MBA argues in its appeal that the regulations do not go far enough in warning the buyer that in the event of a conflict of interests the real estate broker's allegiance is solely to the seller, not the buyer, and in advising the buyer of the risks of obtaining a mortgage through an affiliate of the real estate broker. MBA also contends that the $250 cap is too low and that there also should be a cap on a real estate broker's fee for mortgage services even if the broker is also a licensed mortgage banker or broker.

We reject these arguments and sustain the regulations, deferring to the agencies' expertise in channeling the cross-currents of the real estate and mortgage loan markets. In re Amendment of N.J.A.C. 8:31B-3, 119 N.J. 531, 543 (1990). The regulations are consistent with and are an integral part of the Commission's interpretation of the statute that we now have affirmed. We add that the Commission also adopted N.J.A.C. 11:5-1.39, which prohibits a real estate broker from receiving a kickback for simply steering a buyer to a particular mortgage source.

The real estate brokers and amicus contend in their cross-appeals that some of the regulations exceed the agencies' statutory authority. They argue that certain regulations that cap the real estate brokers' charges to a prospective mortgagor and that require dual licensing if those charges are exceeded, violate N.J.S.A. 45:15-3 and N.J.S.A. 17:11B-2(d).

A real estate broker is defined under the Real Estate License Act (RELA), N.J.S.A. 45:15-1 to -42, as a person who, among other things, "negotiates, or offers or attempts or agrees to negotiate a loan secured or to be secured by mortgage or other encumbrance upon or transfer of any real estate for others." N.J.S.A. 45:15-3. The Mortgage Bankers and Brokers Act (MBBA), N.J.S.A. 17:11B-1 to -20, postdates RELA and accommodates minimal mortgage activity by people licensed under RELA who are not licensed under MBBA. N.J.S.A. 17:11B-2d exempts from MBBA's licensure requirements:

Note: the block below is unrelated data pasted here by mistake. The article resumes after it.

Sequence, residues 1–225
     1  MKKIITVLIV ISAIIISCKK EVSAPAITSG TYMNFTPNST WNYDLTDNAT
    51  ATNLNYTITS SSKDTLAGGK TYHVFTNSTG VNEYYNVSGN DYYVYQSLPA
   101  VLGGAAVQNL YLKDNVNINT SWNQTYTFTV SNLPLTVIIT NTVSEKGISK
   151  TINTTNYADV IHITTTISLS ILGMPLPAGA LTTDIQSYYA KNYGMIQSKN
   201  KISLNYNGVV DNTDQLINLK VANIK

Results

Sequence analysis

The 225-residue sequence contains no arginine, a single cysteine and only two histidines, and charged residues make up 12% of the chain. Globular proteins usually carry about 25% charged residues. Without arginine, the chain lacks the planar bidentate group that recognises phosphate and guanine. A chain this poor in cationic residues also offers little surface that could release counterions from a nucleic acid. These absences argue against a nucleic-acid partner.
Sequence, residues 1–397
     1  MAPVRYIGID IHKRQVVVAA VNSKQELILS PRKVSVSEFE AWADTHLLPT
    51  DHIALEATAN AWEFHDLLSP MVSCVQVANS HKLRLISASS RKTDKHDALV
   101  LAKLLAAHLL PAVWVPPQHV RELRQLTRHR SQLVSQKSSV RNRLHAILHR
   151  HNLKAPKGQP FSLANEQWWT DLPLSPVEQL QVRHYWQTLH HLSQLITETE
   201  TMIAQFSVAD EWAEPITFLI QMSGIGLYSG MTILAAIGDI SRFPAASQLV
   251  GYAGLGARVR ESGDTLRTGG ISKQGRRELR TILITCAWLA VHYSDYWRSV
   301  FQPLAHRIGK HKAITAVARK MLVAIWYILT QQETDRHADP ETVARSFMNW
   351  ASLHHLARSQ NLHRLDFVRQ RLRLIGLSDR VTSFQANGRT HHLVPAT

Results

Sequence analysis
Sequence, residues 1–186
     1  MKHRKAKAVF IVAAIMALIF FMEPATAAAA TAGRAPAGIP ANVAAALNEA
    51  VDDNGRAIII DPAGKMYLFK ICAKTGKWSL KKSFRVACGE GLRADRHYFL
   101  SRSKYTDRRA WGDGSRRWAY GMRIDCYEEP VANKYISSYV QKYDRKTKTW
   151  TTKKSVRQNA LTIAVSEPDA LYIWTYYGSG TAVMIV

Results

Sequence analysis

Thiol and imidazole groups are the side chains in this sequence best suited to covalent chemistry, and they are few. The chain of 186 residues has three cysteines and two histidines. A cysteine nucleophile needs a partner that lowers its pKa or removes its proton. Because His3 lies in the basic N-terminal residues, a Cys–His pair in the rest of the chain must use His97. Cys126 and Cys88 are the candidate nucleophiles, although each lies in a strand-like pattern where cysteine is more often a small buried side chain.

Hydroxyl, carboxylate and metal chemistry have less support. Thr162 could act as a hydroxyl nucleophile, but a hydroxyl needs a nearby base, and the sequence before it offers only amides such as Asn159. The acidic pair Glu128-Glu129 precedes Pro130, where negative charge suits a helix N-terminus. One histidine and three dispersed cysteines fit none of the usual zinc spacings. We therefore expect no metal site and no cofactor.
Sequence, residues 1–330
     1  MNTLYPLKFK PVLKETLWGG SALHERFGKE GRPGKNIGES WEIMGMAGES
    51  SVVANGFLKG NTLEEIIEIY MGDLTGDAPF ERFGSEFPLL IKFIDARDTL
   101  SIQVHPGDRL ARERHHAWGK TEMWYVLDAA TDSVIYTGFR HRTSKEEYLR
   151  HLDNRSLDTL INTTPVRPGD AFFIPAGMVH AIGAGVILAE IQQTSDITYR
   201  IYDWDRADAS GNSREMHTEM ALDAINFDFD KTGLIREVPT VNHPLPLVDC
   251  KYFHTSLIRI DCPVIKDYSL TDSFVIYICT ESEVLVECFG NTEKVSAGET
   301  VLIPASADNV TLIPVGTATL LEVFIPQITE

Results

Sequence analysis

A person licensed as a real estate broker or salesman pursuant to , and not engaged in the business of a mortgage banker or broker.

The regulations under attack reasonably define "the business of a mortgage banker or broker" in terms of the amount charged for mortgage services. A real estate broker who charges more than $250 for helping a buyer obtain a mortgage is deemed to be engaged in the business of a mortgage banker or broker. In the absence of contrary legislative guidance, we must defer to the agency's judgment. In re Amendment of N.J.A.C. 8:31B-3.31, supra, 119 N.J. at 543.

Cross-appellants also contend that some of the regulations adopted by the Commission and the Commissioner prohibit those licensed under RELA from providing services they are permitted to provide under the Federal Real Estate Settlement and Procedures Act (RESPA), 12 U.S.C.A. § 2601 to § 2617. RESPA preempts state laws only if they are inconsistent with its provisions and then only if the state laws do not give greater protection to the consumer. Congress has made it clear that these two determinations are to be made by the Secretary of Housing and Urban Development:

This [Act] does not annul, alter, or affect, or exempt any person subject to the provisions of this [Act] from complying with, the laws of any State with respect to settlement practices, except to the extent that those laws are inconsistent with any provision of this [Act], and then only to the extent of the inconsistency. The Secretary is authorized to determine whether such inconsistencies exist. The Secretary may not determine that any State law is inconsistent with any provision of this [Act] if the Secretary determines that such law gives greater protection to the consumer. In making these determinations the Secretary shall consult with the appropriate Federal agencies. [12 U.S.C.A. § 2616.]